Understanding a taxing situation

So often the terms marginal tax rate, effective tax rate and average tax rates are discussed interchangeably without really understanding their meaning.

Let’s take a quick look at these terms and how the information they provide can help guide your financial decisions today and in the future.

For example, in 2010, Josephine’s total income from employment and investments was $69,000.  Taking into consideration various tax deductions and credits, such as the basic federal tax credit , a deduction for Canada Pension Plan (CPP) contributions and Employment Insurance, the income tax payable by Josephine was approximately $17,200.
Note: All rates referred to below are based on 2010 tax year in Ontario

Defining terms
Average tax rate, also known as the effective tax rate, is calculated by dividing the taxes you paid, in Josephine’s case, $17,200, by your total income for the year, $69,000. The average tax rate for Josephine in 2010 would be 24.92%.
Conversely, marginal tax rate applies to each additional dollar of income earned.

To better understand marginal tax rates, it is important to note that Canada uses a stepped tax rate system. Lower amounts of taxable income are taxed at lower percentages. For example, those individuals who are earning under $30,000 will be subject to less tax as a percentage of their income, approximately an average tax of 13.35%, as compared with higher incomes where the average tax may be 33%.

The bottom line: As your income increases, the percentage of tax increases.

Using the example above, Josephine’s income is $69,000 per year with an average tax rate of 24.92%. However, the top tax rate or marginal tax rate for Josephine on the next dollar, $69,001, would be taxed at 32.92%. Further, if Josephine earned one dollar over $75,000 the marginal tax rate for the one dollar in excess of $75,000 would be 35.95% (2010).
Consider the person who receives an increase in salary and realizes they are ‘taking home’ less income. The salary increase is being taxed at a higher percentage.

What can the taxpayer do to minimize the impact of income tax on a salary increase?

A contribution to an RRSP (Registered Retirement Savings Plan) is tax deductible and as a result, would reduce the tax on the increased income. Essentially the tax on the income is deferred to retirement. The current theory is income will be lower during retirement and therefore the marginal tax rate will be lower as well. By making a contribution to a RRSP, you are deferring the income to a time when supposedly your marginal tax rate will be lower.

Retirement taxes
The Old Age clawback is the point at which a portion of Old Age Security (OAS) benefits are repaid to the government if a retiree’s annual income exceeds $66,733 (2010). An annual income of $75,000 results in approximately 50% of the OAS benefit being repaid. Compared this to the marginal tax rate of 35.39% on the next dollar earned over $75,000 from a pension or RRIF (Registered Retirement Income Fund).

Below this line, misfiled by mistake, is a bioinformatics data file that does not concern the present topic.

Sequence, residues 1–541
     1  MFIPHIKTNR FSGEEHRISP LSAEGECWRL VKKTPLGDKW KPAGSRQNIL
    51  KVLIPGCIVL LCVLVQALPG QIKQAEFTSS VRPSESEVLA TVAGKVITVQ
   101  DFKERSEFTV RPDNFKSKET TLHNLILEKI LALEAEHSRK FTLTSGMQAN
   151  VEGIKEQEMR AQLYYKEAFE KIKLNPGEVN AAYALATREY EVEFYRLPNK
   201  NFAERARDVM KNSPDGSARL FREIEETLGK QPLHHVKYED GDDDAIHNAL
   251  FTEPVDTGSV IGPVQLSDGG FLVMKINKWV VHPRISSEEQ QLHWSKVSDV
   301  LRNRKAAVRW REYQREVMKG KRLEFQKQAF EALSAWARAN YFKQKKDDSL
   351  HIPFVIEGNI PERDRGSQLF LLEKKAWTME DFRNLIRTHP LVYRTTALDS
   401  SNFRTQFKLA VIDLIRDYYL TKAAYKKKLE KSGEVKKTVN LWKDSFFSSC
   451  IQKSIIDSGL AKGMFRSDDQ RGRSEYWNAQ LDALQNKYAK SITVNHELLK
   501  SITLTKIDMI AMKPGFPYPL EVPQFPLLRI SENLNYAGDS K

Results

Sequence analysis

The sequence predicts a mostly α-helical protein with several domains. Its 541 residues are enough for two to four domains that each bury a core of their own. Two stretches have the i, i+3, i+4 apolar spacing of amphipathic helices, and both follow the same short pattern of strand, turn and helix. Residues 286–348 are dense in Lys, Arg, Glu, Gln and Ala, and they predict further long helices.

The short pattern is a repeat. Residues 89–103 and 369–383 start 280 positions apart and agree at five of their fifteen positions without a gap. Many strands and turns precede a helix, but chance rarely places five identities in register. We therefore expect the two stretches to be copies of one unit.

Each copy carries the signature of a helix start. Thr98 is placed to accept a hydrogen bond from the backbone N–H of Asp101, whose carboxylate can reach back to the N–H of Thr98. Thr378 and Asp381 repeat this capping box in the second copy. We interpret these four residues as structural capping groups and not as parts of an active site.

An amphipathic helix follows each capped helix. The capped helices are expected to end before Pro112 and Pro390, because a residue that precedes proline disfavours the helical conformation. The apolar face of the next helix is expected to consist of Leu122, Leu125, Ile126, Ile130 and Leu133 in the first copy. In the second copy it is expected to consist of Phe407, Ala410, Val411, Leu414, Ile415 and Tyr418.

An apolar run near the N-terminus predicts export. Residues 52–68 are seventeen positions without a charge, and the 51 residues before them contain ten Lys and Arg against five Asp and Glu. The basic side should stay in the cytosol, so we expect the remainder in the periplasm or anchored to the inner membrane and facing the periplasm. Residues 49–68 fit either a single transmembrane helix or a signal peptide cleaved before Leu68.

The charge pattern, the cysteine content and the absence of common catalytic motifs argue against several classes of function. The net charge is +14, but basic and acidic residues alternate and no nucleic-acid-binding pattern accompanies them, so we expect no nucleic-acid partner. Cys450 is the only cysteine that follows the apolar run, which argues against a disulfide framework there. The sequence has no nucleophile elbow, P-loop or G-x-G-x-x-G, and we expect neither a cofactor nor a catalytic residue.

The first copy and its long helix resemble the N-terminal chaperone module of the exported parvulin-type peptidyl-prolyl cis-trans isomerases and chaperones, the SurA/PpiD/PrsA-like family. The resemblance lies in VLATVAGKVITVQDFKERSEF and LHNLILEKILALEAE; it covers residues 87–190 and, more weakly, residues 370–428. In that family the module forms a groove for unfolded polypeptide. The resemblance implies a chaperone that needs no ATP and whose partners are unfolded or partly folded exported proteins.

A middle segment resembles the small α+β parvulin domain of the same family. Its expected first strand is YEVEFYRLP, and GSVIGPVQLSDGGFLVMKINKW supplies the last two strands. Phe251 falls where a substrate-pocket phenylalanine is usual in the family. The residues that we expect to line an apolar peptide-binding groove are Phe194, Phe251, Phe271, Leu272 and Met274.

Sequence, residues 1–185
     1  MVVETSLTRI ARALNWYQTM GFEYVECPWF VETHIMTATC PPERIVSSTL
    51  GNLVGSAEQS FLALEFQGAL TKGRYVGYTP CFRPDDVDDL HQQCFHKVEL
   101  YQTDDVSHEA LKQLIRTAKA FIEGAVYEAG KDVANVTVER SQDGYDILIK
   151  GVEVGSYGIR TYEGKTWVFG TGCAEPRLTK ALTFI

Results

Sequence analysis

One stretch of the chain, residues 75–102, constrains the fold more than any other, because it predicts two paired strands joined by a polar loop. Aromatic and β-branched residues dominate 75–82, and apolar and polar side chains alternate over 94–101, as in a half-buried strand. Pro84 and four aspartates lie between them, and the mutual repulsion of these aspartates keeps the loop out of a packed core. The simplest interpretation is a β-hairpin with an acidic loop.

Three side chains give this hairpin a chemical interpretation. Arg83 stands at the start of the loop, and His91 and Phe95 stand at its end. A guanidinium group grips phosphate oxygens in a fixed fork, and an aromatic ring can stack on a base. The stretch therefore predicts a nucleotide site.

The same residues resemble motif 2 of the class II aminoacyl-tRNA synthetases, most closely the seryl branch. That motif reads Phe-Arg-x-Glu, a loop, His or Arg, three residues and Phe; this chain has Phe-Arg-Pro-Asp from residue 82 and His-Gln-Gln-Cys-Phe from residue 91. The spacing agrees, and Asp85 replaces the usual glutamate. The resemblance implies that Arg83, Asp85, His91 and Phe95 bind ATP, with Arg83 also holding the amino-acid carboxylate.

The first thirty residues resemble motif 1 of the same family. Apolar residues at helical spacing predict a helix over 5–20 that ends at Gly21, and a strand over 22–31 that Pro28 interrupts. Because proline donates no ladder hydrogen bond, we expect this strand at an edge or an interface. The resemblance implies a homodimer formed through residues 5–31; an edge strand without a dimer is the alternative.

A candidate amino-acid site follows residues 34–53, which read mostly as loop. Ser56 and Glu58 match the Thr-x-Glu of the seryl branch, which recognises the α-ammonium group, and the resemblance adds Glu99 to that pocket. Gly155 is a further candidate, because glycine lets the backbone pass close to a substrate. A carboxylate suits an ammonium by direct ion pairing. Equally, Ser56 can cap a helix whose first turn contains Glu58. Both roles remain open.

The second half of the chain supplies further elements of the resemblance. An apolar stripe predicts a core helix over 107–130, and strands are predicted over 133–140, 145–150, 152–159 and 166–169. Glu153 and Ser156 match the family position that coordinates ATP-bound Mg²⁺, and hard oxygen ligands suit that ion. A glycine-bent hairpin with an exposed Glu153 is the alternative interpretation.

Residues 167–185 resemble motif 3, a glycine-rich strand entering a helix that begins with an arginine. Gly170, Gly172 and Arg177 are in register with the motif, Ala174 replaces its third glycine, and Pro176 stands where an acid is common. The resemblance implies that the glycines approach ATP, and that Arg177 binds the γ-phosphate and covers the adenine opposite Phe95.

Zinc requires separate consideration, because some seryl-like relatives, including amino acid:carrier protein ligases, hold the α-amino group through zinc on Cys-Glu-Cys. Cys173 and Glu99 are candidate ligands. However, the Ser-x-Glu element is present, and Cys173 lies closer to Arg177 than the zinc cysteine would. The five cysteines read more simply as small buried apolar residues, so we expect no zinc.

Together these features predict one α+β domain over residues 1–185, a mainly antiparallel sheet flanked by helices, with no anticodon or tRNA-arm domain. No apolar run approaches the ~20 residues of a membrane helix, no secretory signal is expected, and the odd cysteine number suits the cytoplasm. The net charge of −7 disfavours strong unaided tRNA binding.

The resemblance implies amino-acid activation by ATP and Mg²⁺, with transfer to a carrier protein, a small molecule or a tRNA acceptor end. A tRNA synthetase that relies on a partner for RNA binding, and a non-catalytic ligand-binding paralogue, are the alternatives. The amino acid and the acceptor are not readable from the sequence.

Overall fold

For some, it is impossible to avoid OAS clawback. However, a careful review of income sources and how they are taxed can potentially reduce annual income. For example, income earned as interest is taxed at the highest marginal tax rate – 46.41% (Ontario). However, dividends or capital gains, even at the top tax rate are taxed approximately 33% and 24% respectively. Another source of income is prescribed annuities which can provide a lifetime income but at a considerably lower tax cost.

The source of the income is not the only consideration. Timing, when to start receiving CPP (Canada Pension Benefits) or RRIF (Registered Retirement Income Fund) income may be critical for minimizing annual income tax.

RRSP (Registered Retirement Savings Plan)
While a contribution to an RRSP reduces income tax and allows for tax deferral of annual investment income, the downside is the amounts withdrawn from an RRSP or a RRIF are fully taxable. Further a RRSP must be converted to a RRIF at age 71 with a minimum required payout, which of course, is fully taxable.

TFSA (Tax Free Savings Account)
While there is no tax deduction for a contribution to a TFSA, like the RRSP and RRIF, annual investment income is tax deferred. The real advantage of the TFSA is withdrawals are not subject to tax. Unfortunately the maximum annual contribution to a TSFA is $5,000. Anyone age 18 and over may contribute to a TSFA.

Like the RRSP and RRIF, the TFSA is a good vehicle for sheltering interest bearing investments that are highly taxed.
Since income can be withdrawn from a TSFA at any time without creating a tax liability, this should be the first source of funds in the event of an emergency or any unusual expense.

Before TSFAs, individuals would withdraw from their RRSP in an emergency. The result was their marginal tax rate would increase for that year thereby worsening an already difficult situation.

Planning sources and timing of income can ensure overall taxes are minimized. Understanding terms such as average and marginal  tax rates will assist you in your financial decision making.

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